As the number of container ships waiting outside of the ports of Los Angeles and Long Beach reaches 100, the impact on the holiday shopping season includes out-of-stocks and delayed online orders as well as empty shelves. Some of the larger retailers are working on alternatives, but analysts don’t see it helping until well after Black Friday.
Michael Haswell, vice president of partnerships at Narvar, expects merchants to see an uptick in returns as well as a stretching out of the holiday shopping season. Here, Haswell discusses the full impact of “containergeddon.”
WWD: What is “containergeddon” and how is it challenging retailers and brands?
Michael Haswell: Containergeddon is the logical outcome of factory closures in Asia during the height of the pandemic. As those factories came back online and increased production to make up for lost time, it created a logjam of container ships at U.S. ports, particularly in Los Angeles and Long Beach. The downstream impact on retailers and brands is that product won’t make it on shelves in time for Black Friday — some estimate as much as 25 percent of the products currently stuck on container ships won’t make it in time.
WWD: What are some of the strategies companies can deploy in the face of these disruptions?
M.H.: For those retailers that can’t charter their own container ships, as Walmart, Target and The Home Depot have done, the focus ought to be on proactive communication and thoughtful merchandising of available assortment.
Our research indicates that 98 percent of consumers feel better about a retailer that notifies them immediately of potential delivery delays, so proactive communication will be critical. And we expect retailers to encourage consumers to trade up, down and across into products that are the “next best thing” to the unavailable product; presenting consumers with options will be critical.
WWD: How are the e-comm fulfillment and the last mile being impacted?
M.H.: Containergeddon impacts both e-commerce and store inventory, although omnichannel retailers can hedge against e-commerce constraints by shipping available inventory from store; Sephora, in fact, just announced same-day delivery of online orders. And unlike last year’s “shipageddon,” where a dramatic increase in e-commerce spending threatened to outstrip the last-mile capacity of carriers, this year’s constraints are in the first mile — getting products from the manufacturer to the retailer by container ship, rail, etc.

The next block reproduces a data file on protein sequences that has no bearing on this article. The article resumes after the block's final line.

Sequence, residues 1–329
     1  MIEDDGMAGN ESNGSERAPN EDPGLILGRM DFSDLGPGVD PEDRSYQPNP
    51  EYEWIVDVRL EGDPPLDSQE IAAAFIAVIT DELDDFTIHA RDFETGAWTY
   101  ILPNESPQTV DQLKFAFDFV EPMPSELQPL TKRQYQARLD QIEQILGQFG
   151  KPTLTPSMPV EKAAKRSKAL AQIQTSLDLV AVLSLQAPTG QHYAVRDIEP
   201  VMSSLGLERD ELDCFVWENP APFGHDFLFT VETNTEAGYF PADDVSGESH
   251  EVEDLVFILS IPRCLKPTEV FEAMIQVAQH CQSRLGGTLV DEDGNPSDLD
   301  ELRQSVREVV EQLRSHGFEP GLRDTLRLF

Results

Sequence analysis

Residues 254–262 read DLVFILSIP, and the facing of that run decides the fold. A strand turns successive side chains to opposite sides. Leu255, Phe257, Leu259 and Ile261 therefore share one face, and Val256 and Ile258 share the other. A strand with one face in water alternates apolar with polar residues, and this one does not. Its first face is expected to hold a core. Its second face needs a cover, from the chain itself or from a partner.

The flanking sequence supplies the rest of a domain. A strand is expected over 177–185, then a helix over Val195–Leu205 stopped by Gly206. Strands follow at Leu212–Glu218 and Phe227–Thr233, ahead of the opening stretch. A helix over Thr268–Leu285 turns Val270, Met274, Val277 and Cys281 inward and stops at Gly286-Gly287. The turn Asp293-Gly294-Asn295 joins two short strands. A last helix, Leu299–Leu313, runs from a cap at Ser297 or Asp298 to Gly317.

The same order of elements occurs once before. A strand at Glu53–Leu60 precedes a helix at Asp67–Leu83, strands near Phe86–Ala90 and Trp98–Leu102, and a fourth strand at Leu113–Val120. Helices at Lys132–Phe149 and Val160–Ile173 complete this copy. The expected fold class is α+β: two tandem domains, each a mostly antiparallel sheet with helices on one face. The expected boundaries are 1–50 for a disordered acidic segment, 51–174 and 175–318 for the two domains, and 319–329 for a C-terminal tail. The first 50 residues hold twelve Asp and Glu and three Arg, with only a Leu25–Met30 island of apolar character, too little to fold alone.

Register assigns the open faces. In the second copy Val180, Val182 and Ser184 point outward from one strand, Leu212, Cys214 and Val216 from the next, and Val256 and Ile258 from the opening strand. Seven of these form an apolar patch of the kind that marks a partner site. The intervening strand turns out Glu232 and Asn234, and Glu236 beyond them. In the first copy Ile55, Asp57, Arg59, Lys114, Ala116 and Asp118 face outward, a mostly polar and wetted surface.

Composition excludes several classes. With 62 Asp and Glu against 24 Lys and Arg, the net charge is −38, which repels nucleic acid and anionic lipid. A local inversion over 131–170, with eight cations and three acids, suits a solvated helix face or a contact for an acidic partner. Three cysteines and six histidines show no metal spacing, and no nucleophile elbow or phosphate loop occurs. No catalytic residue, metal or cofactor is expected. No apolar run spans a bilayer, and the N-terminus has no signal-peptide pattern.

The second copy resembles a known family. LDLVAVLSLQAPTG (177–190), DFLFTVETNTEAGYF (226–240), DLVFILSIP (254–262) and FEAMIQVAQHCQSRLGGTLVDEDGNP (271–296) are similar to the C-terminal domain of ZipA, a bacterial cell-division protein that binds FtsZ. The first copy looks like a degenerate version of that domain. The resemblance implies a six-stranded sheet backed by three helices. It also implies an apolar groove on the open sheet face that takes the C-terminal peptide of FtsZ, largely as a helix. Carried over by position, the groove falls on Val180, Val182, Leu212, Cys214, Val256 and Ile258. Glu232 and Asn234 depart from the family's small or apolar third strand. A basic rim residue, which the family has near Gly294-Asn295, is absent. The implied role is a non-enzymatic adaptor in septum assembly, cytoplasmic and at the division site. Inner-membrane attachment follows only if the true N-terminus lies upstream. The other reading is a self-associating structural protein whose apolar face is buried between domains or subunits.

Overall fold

So, it could actually have a positive impact on last-mile delivery, by smoothing demand for carrier capacity over an extended holiday shopping season.
WWD: And what is the impact on returns?
M.H.: As consumers trade into the “next best thing” to what they originally wanted due to limited inventory, we could see increased returns and exchanges as a result of these supply chain disruptions. A clearly communicated return policy is already an industry best practice, so we expect more retailers to surface their return policies as part of the shopping journey.
We also expect some degree of empathy and leniency from retailers this holiday, such as extended return windows.
WWD: Are there any other solutions or strategies that merchants and brands need to consider?
M.H.: Retailers should lean into their returns experience and sustainability initiatives. First, retailers should invest in their returns experience as much as they have in their shopping experience. Our research shows that 96 percent of consumers who are satisfied with a retailer’s return process will purchase again from that retailer.
Second, retailers should embrace sustainability initiatives for products that are no longer eligible for return, such as re-commerce and upcycling programs. Worn Wear from Patagonia and SecondHand from Levi’s are great examples of brands living their values and extending the life of their products.
Although it should be offered judiciously, implementing a “keep-the-item” policy to provide a refund without requiring that the product be returned can also reduce the strain on the mail-stream and the environment. Our research shows that this works best with repeat customers, who feel trusted and relieved that they save time and effort — as well as the environment.